Wednesday, December 22, 2010

Christmas At Green Acres! and enjoy.

Saturday, October 9, 2010

1.23: A Pig In A Poke

"Don't worry. My husband will get you son the pig out of trouble in no time at all."

A whole lotta Arnold!

The Ziffels state, unequivocally, that Arnold is their son. Well, they say that if they had had a son...he would have been Arnold. Close enough. The World of Hooterville has now fully absorbed Lisa. Oliver will never quite get in. The fact that Arnold is so smart and that he can turn on the TV will always confuse Mr. Douglas. The love the Ziffels have for the pig and the affection everyone else has for Arnold will always elude him.

But, when Mr. Haney sells a sofa to the Ziffels and it turns out to be junk and Haney attaches Arnold in lieu of payment, Oliver talks to Haney about it. Although, he thinks the Pig Love is madness, he will fight for the people that Haney has bilked.

It all becomes quite goof-filled after a while. Arnold hides out at the Douglas place. Oliver gets trapped under the bedroom floor. He gets his pants pulled off. He gets sprayed with water. All kinds of very funny stuff happens. And, in the end, when Oliver and Lisa go to NYC for a Harvard Alumni Society Meeting, Arnold has stowed away and joins them at the dinner. The whole episode, in fact, is a story told by Oliver to the Alumni Society to demonstrate some points of country law.

Oliver, yeah, he gets flustered. Lisa, however, is perfectly in sync with this world now. All of her malapropisms and confusions work for Hooterville now. Oliver keeps his composure through a lot of eye rolling and some wisecracking. He also tries to stick by the law to keep him sane. Unfortunately, the law gets as goofy as Hooterville.

It's a lovely episode. Possibly a good one to show someone if you can only show them one. Everybody gets a bit. There are some laughs and it actually has a plot. Not that it needs a plot but it can work against you to show an episode where nothing really happens. I love 'em meandering and goofy but some folks like plots.

That place I kept saying that we were working towards...that Mythical Green Acres Super-Cool spot is, pretty much, here. The house is, more or less, as good as it's going to get. Lisa is here to stay. Oliver is farming as good as he will get. The elements of the world are all here now. It's a good world. Immerse me.

Saturday, September 25, 2010

01.22: The Day of Decision

"Darlin', I love ya...but give me Park Avenue."

I know...What is a quote from the theme doing in the spot where a quote from the episode goes? Well, it'll make sense in the end. A little harbinger of "Things To Come" for the series involves this quote. But, we'll talk about that at the end. Other things are of importance now...

Today, Lisa decided if she stays in Hooterville or goes back to New York. The 6 months are up. Oliver is nervous. The whole town of Hooterville, including Uncle Joe, are on tenterhooks waiting for her answer. And, for a show that has had such endearingly slim plotlines, this one is the slimmest. The whole episode hinges around one woman making one decision....and it's a good one.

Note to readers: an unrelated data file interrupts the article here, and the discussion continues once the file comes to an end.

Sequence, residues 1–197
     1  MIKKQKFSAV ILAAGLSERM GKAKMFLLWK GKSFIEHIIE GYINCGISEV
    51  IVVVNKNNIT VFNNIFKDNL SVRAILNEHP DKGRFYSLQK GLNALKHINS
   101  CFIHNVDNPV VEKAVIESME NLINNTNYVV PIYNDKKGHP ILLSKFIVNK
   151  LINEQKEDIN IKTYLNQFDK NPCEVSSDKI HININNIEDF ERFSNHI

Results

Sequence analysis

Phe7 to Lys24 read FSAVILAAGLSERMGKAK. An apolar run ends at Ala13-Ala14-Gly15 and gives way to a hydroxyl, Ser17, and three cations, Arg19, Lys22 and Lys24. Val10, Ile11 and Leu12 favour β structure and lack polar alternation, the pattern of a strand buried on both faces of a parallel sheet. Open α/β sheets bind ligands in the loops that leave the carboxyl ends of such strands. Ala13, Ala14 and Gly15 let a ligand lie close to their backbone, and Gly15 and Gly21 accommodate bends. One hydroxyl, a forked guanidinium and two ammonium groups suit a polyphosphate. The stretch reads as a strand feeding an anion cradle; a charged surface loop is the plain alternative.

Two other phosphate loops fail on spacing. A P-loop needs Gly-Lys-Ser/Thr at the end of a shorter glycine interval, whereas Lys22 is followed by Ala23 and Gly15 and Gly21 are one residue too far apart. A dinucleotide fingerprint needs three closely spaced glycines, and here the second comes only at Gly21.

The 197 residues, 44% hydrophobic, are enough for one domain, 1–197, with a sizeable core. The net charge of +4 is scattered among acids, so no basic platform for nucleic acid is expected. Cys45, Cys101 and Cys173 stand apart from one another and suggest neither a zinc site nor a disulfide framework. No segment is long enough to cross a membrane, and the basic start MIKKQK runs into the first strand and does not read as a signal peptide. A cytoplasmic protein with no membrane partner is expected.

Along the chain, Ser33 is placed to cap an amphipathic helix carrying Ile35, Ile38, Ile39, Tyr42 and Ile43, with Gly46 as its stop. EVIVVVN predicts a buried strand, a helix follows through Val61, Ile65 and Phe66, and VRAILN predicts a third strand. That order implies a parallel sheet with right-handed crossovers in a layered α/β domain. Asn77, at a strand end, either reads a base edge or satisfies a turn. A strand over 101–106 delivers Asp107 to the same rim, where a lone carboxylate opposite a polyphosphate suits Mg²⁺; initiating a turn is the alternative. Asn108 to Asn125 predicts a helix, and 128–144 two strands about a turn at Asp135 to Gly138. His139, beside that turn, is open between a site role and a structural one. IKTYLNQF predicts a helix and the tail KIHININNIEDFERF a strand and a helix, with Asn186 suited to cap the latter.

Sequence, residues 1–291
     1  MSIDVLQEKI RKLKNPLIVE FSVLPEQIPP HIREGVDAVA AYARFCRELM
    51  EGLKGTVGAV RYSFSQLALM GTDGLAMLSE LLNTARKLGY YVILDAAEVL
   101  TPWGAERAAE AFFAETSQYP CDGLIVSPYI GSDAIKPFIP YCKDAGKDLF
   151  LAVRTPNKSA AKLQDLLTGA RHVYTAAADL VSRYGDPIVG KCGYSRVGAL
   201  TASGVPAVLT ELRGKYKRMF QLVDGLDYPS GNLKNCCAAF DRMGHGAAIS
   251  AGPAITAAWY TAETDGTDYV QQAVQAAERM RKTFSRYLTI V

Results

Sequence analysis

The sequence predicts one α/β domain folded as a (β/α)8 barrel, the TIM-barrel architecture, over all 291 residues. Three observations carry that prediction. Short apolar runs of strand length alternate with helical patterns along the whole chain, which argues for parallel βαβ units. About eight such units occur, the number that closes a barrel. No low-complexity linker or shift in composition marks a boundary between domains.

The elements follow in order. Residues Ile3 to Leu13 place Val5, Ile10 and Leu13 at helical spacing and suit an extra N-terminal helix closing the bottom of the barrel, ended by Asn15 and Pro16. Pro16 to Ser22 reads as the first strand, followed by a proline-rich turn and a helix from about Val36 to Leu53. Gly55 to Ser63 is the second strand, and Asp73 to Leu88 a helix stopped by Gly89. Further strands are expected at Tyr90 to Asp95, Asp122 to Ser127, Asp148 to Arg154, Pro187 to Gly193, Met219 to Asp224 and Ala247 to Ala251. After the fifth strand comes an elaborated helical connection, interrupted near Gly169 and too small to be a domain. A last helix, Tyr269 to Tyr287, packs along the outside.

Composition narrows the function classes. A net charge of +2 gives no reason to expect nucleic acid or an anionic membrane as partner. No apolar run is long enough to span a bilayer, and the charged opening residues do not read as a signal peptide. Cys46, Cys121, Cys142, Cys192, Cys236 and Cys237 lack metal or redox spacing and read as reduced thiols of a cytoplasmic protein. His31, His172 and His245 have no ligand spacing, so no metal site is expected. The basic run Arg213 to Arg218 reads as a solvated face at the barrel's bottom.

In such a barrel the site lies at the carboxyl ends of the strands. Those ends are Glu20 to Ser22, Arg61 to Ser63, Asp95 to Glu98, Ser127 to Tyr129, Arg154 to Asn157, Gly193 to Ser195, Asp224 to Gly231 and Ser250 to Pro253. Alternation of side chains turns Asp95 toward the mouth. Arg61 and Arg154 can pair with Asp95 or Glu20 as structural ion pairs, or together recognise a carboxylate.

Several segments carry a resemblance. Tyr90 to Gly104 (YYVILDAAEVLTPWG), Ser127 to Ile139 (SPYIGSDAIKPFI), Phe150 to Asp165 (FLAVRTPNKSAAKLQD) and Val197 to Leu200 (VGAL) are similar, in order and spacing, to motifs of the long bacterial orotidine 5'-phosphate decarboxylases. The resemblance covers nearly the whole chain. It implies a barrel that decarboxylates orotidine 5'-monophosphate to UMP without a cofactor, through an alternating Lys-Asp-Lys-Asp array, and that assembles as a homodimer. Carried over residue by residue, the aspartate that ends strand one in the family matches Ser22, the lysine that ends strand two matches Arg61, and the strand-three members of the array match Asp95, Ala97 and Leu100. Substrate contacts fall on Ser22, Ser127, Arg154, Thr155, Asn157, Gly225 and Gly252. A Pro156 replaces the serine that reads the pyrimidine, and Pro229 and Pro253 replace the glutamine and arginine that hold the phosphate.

A good episode, I mean. Lisa's choice is her own.

(Although, the slimness of the plotline does seem to get to the writer's slightly. The episode has several flashback scenes, mainly to the first two episodes. Either they were having trouble filling up the episode or they were reminding viewers (and cluing those who hadn't watched in) of what occurred several months before. I believe it is the latter.)

A little viewer's context:

GA - A Day of Decision aired on February 23, 1966. The show itself premiered on September 15, 1965.

That week:

Batman - That same day (2/23/66) the 13th episode aired - The Thirteenth Hat. The first appearance of the Mad Hatter. The one that ends with Batman getting covered in Super Fast Hardening Plaster.

The Beverly Hillbillies - Same Day - The Great Jethro - Episode 23 of Season 4. Jethro wants to be a magician with hilarious consequences.

Petticoat Junction - The day before (the 22nd) - The Invisible Mr. Dobble Episode 23 of Season Three

Get Smart - Later that week, 2/26/66, the 23rd episode aired - I'm Only Human The one where Fang's bark (I believe) will trigger a KAOS bomb.

And, across an ocean...2/26/66, Bell of Doom, the 25th episode of the 3rd Season of Doctor Who. The Doctor and Steven in Paris. The year is 1572...and another adventure is reaching its conclusion.

That's all the stuff I have handy right now but it gives you a feel for Pop Culture on TV at that moment.

It's a beautiful episode, The Day of Decision. From the opening scene, where Eb tells Elinor what day it is through to all the townsfolk and their worrying to the lovely decision scene to the closing moments...that echo the closing moments from Episode works. The sign of good writing is knowing when to complicate things and when not to. Extra plotlines can be fun but they can also get in the way. When you have a large cast, if you keep the focus on one man (a la The Great Gildersleeve) then you can focus on one plotline. If you have a show like The Simpsons and everyone needs something to do, you split the focus and can lose sight of the main story. Doesn't happen here and it is stellar.